"Jimmy," she said softly, and he knew it was over.

"I'm sorry. I shouldn't've said that. I know brides get nervous and I had no right making you more nervous."

"I'm not nervous. Don't worry about it."

"Well, can I at least give Kirsten Nichol her last kiss before Sandy makes her Kirsten Cohen?" Kirsten Cohen. She liked the sound of the name. But she nodded anyway, and Jimmy leaned over and kissed her softly on the lips.

"Good luck, Kiks, and be happy. You deserve it." He left the room, and Kirsten sighed. Good-bye Jimmy, please don't let this be a mistake.

Her heart pounded as she walked toward him. Good Lord, but she loved him so much. She missed her dad; she wanted to be on his arm; she didn't want to be alone. Maybe she should've taken Jimmy up on his offer. No, reminded her brain. She saw him on the bride's side of the church, smiling fondly at her as the auburn-haired, green-eyed girl at his side forced a smile. Poor Julie…was her last name really Macabre? Then she was there and Sandy was there and it didn't really matter.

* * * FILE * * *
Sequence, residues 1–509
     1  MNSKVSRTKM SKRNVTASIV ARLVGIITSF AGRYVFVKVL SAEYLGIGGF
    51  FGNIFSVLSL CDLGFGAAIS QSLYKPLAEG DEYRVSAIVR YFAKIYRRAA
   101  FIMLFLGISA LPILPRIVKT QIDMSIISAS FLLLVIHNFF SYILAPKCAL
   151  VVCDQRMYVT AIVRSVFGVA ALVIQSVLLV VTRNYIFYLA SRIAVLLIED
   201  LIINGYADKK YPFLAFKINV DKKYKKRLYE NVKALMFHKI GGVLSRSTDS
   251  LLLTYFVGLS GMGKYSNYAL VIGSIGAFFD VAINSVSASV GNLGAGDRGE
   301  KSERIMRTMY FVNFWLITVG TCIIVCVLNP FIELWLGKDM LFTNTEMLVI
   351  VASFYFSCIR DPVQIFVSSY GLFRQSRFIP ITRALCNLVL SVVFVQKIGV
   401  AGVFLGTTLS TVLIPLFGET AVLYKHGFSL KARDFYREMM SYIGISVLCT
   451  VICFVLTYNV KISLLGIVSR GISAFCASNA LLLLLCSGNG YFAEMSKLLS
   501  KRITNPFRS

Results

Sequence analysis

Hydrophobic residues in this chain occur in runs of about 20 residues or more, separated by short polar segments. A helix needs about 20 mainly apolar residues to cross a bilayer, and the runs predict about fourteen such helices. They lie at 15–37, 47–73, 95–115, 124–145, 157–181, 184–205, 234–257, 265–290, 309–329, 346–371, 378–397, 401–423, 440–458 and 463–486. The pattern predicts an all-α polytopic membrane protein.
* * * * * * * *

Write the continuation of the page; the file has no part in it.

"I, Kirsten…take thee, Sandy…to have and to hold…" She could barely hear her own voice, but she could hear her heart thundering in her chest. Could a person die from being too happy?

Jimmy could barely stand it. Her smile was so big he swore they could see it on the East Coast. She was so happy, she was so beautiful, she was so gone, she was so never-his-again. He turned to Julie. She was beautiful, too, and really, really hot, even if right now all he wanted to look at were long, thin legs and soft blonde hair and delicate, perfect, classic features. She put her hand on his thigh.